Brooke v. Capitol Regency LLC

Filing 23

ORDER signed by District Judge John A. Mendez on 5/17/2017 GRANTING 19 Motion to Dismiss without prejudice; GRANTING the plaintiff twenty (20) days to file an amended complaint; ORDERING the defendant to file a responsive pleading to said complaint twenty (20) days thereafter; CAUTIONING the plaintiff that the Clerk of Court will be directed to close this case in the absence of an amended complaint; ORDERING counsel for the defendant to pay $200.00 to the Clerk of Court within five days. (cc: Financial Department) (Michel, G.)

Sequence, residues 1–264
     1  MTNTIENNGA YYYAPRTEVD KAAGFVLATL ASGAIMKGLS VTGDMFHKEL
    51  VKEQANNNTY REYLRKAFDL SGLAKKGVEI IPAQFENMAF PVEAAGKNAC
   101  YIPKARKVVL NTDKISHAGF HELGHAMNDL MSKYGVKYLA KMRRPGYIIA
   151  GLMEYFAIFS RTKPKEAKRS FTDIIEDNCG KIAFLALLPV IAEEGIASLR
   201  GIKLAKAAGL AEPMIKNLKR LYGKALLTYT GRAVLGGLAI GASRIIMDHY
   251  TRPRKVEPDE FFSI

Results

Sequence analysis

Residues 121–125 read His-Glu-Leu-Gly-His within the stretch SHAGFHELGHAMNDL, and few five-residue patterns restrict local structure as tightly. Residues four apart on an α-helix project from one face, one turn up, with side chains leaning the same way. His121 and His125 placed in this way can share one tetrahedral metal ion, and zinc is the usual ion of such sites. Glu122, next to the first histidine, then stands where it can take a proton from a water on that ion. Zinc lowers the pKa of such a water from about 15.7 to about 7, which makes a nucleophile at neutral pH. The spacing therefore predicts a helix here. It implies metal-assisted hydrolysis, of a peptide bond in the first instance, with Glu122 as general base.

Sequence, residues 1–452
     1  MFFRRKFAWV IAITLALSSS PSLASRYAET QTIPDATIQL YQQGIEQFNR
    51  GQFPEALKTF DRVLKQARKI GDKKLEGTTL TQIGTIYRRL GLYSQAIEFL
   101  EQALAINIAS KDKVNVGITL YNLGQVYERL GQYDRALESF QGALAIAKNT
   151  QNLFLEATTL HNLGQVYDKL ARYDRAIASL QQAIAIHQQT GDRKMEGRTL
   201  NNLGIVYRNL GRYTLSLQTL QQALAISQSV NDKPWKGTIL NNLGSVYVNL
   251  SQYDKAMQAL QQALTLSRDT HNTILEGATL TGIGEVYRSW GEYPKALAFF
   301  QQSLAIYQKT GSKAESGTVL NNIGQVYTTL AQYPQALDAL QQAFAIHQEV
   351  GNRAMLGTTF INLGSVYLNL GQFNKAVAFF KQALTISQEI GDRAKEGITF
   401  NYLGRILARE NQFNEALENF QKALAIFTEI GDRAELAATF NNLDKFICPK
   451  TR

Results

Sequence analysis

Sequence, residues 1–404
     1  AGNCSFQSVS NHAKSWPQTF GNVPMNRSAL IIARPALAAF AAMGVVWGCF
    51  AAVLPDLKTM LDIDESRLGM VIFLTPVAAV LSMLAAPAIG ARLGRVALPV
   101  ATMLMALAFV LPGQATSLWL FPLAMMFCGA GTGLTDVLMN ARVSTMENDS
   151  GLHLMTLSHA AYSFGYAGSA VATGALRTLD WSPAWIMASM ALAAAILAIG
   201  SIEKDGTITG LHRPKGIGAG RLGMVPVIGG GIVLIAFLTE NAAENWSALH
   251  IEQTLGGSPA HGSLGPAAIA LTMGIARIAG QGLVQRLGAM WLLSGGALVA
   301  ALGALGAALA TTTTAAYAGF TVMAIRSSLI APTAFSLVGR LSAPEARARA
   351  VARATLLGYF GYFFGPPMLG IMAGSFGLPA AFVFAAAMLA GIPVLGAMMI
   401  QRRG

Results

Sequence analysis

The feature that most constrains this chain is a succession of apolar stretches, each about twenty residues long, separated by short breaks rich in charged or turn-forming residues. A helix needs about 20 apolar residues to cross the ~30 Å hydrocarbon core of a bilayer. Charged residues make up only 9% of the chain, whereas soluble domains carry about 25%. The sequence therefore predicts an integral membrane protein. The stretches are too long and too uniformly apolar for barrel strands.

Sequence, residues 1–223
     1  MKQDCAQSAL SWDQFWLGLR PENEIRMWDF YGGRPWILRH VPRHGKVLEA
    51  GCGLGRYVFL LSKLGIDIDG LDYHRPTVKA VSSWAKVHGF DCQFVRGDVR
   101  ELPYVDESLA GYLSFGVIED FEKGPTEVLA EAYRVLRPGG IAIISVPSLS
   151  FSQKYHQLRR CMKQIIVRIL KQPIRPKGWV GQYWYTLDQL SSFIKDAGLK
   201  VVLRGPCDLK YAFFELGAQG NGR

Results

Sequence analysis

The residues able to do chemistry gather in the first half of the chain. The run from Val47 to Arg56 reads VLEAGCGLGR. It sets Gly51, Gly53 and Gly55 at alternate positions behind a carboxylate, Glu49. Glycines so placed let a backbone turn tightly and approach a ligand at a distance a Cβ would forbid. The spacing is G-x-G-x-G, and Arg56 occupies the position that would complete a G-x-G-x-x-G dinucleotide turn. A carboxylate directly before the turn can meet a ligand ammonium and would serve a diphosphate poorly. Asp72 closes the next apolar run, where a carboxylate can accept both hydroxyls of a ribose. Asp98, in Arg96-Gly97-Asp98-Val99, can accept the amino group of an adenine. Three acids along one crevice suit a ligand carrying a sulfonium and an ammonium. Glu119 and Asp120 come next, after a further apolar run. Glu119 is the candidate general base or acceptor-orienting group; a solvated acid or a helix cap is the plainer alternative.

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1 2 3 4 5 6 7 8 UNITED STATES DISTRICT COURT 9 EASTERN DISTRICT OF CALIFORNIA 10 11 12 THERESA BROOKE, a married woman dealing with her sole and separate claim, 13 Plaintiff, 14 15 16 No. 2:16-cv-02070-JAM-EFB ORDER GRANTING DEFENDANT’S MOTION TO DISMISS v. CAPITOL REGENCY LLC, a California Limited Liability Company dba Hyatt Regency Sacramento, 17 Defendants. 18 19 This matter involves a self-described “tester” who calls 20 various hotels to inquire whether they provide ADA compliant pool 21 access for disabled persons like herself. 22 (“Defendant”), operator of one such hotel, moves this Court to 23 dismiss the action for lack of subject matter jurisdiction. 1 24 the reasons set forth below, the Court grants Defendant’s motion, 25 without prejudice. Capitol Regency LLC For 26 27 28 1 This motion was determined to be suitable for decision without oral argument. E.D. Cal. L.R. 230(g). The hearing was scheduled for May 16, 2017. 1 1 I. 2 3 FACTUAL ALLEGATIONS The following facts are taken as true for the purposes of this motion: 4 Plaintiff Theresa Brooke is a disabled woman confined to a 5 wheelchair. Compl. at ¶ 4. 6 Arizona. 7 contacted Defendant’s hotel “for purposes of booking a room for 8 personal and business affairs in Sacramento.” 9 Plaintiff asked whether the hotel pool or Jacuzzi had a pool lift Id. at ¶ 1. She resides in Pinal County, On some unspecified date, Plaintiff Id. at ¶ 24. 10 or means of access for disabled persons. 11 representative informed her that the Jacuzzi did not have such 12 means of access. 13 unspecified date—“independently verified that the Jacuzzi does 14 not have a lift in position for use or other access, but that a 15 lift was stored in the corner of the pool area[.]” 16 The agent reported its findings to Plaintiff and provided 17 Plaintiff with photographs showing “the lack of accessibility.” 18 Id. 19 Defendant in the near future.” 20 removes these barriers, Plaintiff will lodge with Defendant’s 21 hotel since she has several upcoming planned visits to 22 Sacramento.” 23 Id. Id. Defendant’s Plaintiff’s agent—again, on some Id. at ¶ 25. “But for these barriers, Plaintiff would lodge with Id. “If and when defendant Id.; see also ¶¶ 29, 30, 34, & 38. Plaintiff filed this action against Defendant for 24 discrimination under the Americans with Disabilities Act (“ADA”) 25 due to Defendant’s alleged failure to remove architectural 26 barriers to make its lodging services fully accessible to 27 disabled individuals. 28 declaratory and injunctive relief on that claim, as well as Id. at ¶¶ 41–49. 2 Plaintiff seeks 1 attorney’s fees and costs. 2 third causes of action arise under state law, the California 3 Unruh Civil Rights Act and the California Disabled Persons Act, 4 respectively. Id. at ¶ 49. Plaintiff’s second and Id. at ¶¶ 50–61. 5 6 II. OPINION 7 A. 8 Defendant moves to dismiss the complaint under Federal Rule 9 Legal Standard of Civil Procedure 12(b)(1) for lack of standing under Article 10 III. 11 (9th Cir. 2011) (“[L]ack of Article III standing requires 12 dismissal for lack of subject matter jurisdiction[.]”). 13 MTD at 4–5; see Maya v. Centex Corp., 658 F.3d 1060, 1067 A disabled person claiming access discrimination in 14 violation of the ADA must establish Article III standing in order 15 to maintain their lawsuit. 16 F.3d 939, 946 (9th Cir. 2011). 17 a private litigant under the ADA is an injunction, Plaintiff has 18 the burden of proving both an injury in fact and the real threat 19 of future injury.” 20 2:10-cv-02387-JAM-DAD, 2012 WL 2993890, at *2 (E.D. Cal. Jul. 20, 21 2012) (citing Chapman). 22 particularized and actual or imminent, not conjectural or 23 hypothetical. 24 (1992). 25 plaintiff has encountered a barrier violating the ADA. 26 631 F.3d at 947 (citing Doran v. 7-Eleven, Inc., 524 F.3d 1034, 27 1044 (9th Cir. 2008)). 28 of future injury either “when he [or she] intends to return to a Chapman v. Pier 1 Imports, Inc., 631 “Because the remedy available to Johnson v. Overlook at Blue Ravine, LLC, No. An injury in fact must be concrete and Lujan v. Defenders of Wildlife, 504 U.S. 555, 560 The injury in fact element is met when a disabled Chapman, The ADA plaintiff can show a likelihood 3 1 noncompliant accommodation and is therefore likely to reencounter 2 a discriminatory barrier” or “when discriminatory architectural 3 barriers deter him [or her] from returning to a noncompliant 4 accommodation.” Chapman, 631 F.3d at 950. 5 B. Analysis 6 Plaintiff argues that her “call and confirm method” of 7 ascertaining ADA violations provides her with “actual notice” of 8 the deficiencies, which “triggers the deterrent effect doctrine 9 and therefore confers standing.” Opp. at 1–2. Plaintiff 10 contends this question is open in the Ninth Circuit and there is 11 a split between the districts on the answer. 12 Id. at 2, 5. The Court finds that the weight of authority supports 13 dismissal of Plaintiff’s ADA claim. Plaintiff must suffer an 14 injury in fact to invoke Article III standing. 15 Plaintiff does not allege that she visited Defendant’s hotel or 16 encountered a barrier there. 17 “Plaintiff’s injury is not ‘particularized and concrete’ . . . 18 [or] ‘actual or imminent.’” 19 1203, 1210 (C.D. Cal. 2016) (“Binding precedent supports that 20 under any theory of standing, including the deterrent effect 21 doctrine, an ADA plaintiff must have previously visited a 22 noncompliant place of accommodation to have an injury-in-fact 23 under Article III.”) . 24 to leave the door open for relief, see Peterson, 185 F. Supp. 3d 25 at 1207–10 (discussing the “deterrent effect” ADA cases in 26 detail), the Ninth Circuit has not held that plaintiffs have 27 standing in such circumstances. 28 Circuit’s principal “deterrent effect” cases, the “plaintiffs’ However, Without such allegations, Brooke v. Peterson, 185 F. Supp. 3d Although some Ninth Circuit dicta seems To the contrary, in each of the 4 1 actual knowledge of at least one of the non-compliant barriers 2 came through their own percipient, personal encounters with the 3 barriers and were not simply being reported by an independent 4 agent.” 5 WVG, slip op. at 2 (S.D. Cal. May 9, 2017); see Pickern v. 6 Holiday Quality Foods Inc., 293 F.3d 1133 (9th Cir. 2002); Doran, 7 524 F.3d 1034; Chapman, 631 F.3d 939. 8 Circuit permits ADA plaintiffs to rely on expert evidence to 9 challenge barriers the plaintiff did not personally encounter Brooke v. Pacific Gateway Ltd., No. 3:17-cv-0796-CAB- The fact that the Ninth 10 does not affect the analysis, Doran, 524 F.3d at 1047, as this 11 allowance only arises where standing is already established. 12 It appears that every district court in California to 13 address this question has concluded Plaintiff lacks standing. 14 See Brooke v. Peterson, 185 F. Supp. 3d at 1207–10, 1213 15 (dismissing four related complaints for failure to allege an 16 injury in fact); Brooke v. Pacific Gateway Ltd., No. 3:17-cv- 17 0796-CAB-WVG (S.D. Cal. May 9, 2017) (“In sum, the Court finds 18 Plaintiff[’s] reliance on a telephone call and report of an 19 independent agent insufficient to confer standing.”); Brooke v. 20 Newport Hotel Holding LLC, No. 8:16-cv-00426-CJC-DFM (C.D. Cal. 21 Apr. 29, 2016) (“[T]he Court concludes for its purposes that 22 absent extraordinary circumstances, an ADA plaintiff should have 23 firsthand knowledge of the presence of at least one barrier in an 24 establishment before acquiring standing to sue to remove that 25 barrier or others. 26 Circuit’s guidance in Pickern and alleviates some of the obvious 27 problems with ADA plaintiffs suing a multitude of establishments 28 from afar.”); Brooke v. Ayres-Laguna Woods, No. 16-cv-00347-CJC- This standard is consistent with the Ninth 5 1 KES, 2016 WL 1714880 (C.D. Cal. Apr. 12, 2016) (dismissing 2 complaint for failure to allege injury in fact in analogous 3 circumstances); Brooke v. Perry Family Trust, No. 2:16-cv-04648- 4 DMG-AJW (C.D. Cal. Oct. 3, 2016) (same); Brooke v. Everest Hotel, 5 Inc., No. 5:16-cv-01378-DMG-PJW (C.D. Cal. Oct. 31, 2016) (same); 6 see also Order to Plaintiff to Show Cause Why the Action Should 7 Not Be Dismissed for Lack of Standing, Brooke v. H & K P’ship, 8 No. 1:16-cv-1406-AWI-JLT (E.D Cal. Oct. 26, 2016) (order issued 9 for 28 related cases) (“Thus, because Plaintiff did not stay at— 10 or even visit—the hotels and did not personally encounter the 11 alleged barriers, it appears Plaintiff lacks standing under 12 Article III to pursue her claims for violations of the ADA.”). 13 The Court also finds that Judge Curiel’s dismissal order in 14 Brooke v. Kalthia Grp. Hotels supports dismissal. 15 01873-GPC-KSC, 2015 WL 7302736 (S.D. Cal. Nov. 18, 2015). 16 Contrary to Plaintiff’s argument, only dictum from that decision 17 lends credence to Plaintiff’s position. 18 dismissed Plaintiff’s complaint for lack of standing and did not, 19 as Plaintiff contends, Opp. at 5–6, hold that Plaintiff’s “call 20 and confirm method” confers standing. 21 WL 7302736, at *5 (“A review of cases . . . reveals that an 22 allegation that Plaintiff’s agent verified the violation is not 23 sufficient to confer standing.”). 24 distinguished that case from the Arizona cases where Plaintiff 25 alleged that she “independently verified” the absence of a pool 26 lift and was thus found to meet the standing requirements. 27 28 No. 15-cv- Judge Curiel ultimately Kalthia Grp. Hotels, 2015 Furthermore, Judge Curiel In accordance with the California district courts cited Id. above, this Court holds that Plaintiff’s “call and confirm 6 1 method,” as alleged in the Complaint, does not confer standing. 2 Plaintiff’s ADA claim is thus dismissed, without prejudice. 3 C. Supplemental Jurisdiction 4 The only remaining claims are state law claims. Where a 5 district court dismisses all federal claims in an action for lack 6 of subject matter jurisdiction, it cannot exercise supplemental 7 jurisdiction and must dismiss the state law claims. 8 Family Revocable Trust v. Teddy Bear, 254 F.3d 802, 806 (9th Cir. 9 2001). 10 Herman Plaintiff’s second and third causes of action are thus dismissed without prejudice. 11 12 III. 13 ORDER For the reasons set forth above, the Court GRANTS 14 Defendant’s Motion to Dismiss WITHOUT PREJUDICE. If Plaintiff 15 elects to file an amended Complaint she should do so within 16 twenty days of the date of this Order and Defendant should file 17 its responsive pleading within twenty days thereafter. If 18 Plaintiff does not file an amended Complaint the clerk will be 19 directed to close this file. 20 The Court issued its Order re Filing Requirements for Cases 21 Assigned to Judge Mendez (“Order”) on August 30, 2016. ECF No. 22 3-2. 23 to motions to dismiss to fifteen pages and reply memoranda in 24 support of motions to dismiss to five pages. 25 states that violations of the page limit will result in monetary 26 sanctions against counsel in the amount of $50.00 per page and 27 that the Court will not consider any arguments made past the page 28 limit. The Order limits memoranda in support of and in opposition The Order also Defendant’s Reply Memorandum in support of its Motion to 7 1 Dismiss is four pages longer than the page limit. 2 Court has not considered any arguments made after page five of 3 the Reply. 4 5 6 7 As such, the Counsel for the Defendant is ordered to pay $200.00 to the Clerk of the Court within five days of the date of this Order. IT IS SO ORDERED. Dated: May 17, 2017 8 9 10 11 12 13 14 15 16 17 18 19 20 21 22 23 24 25 26 27 28 8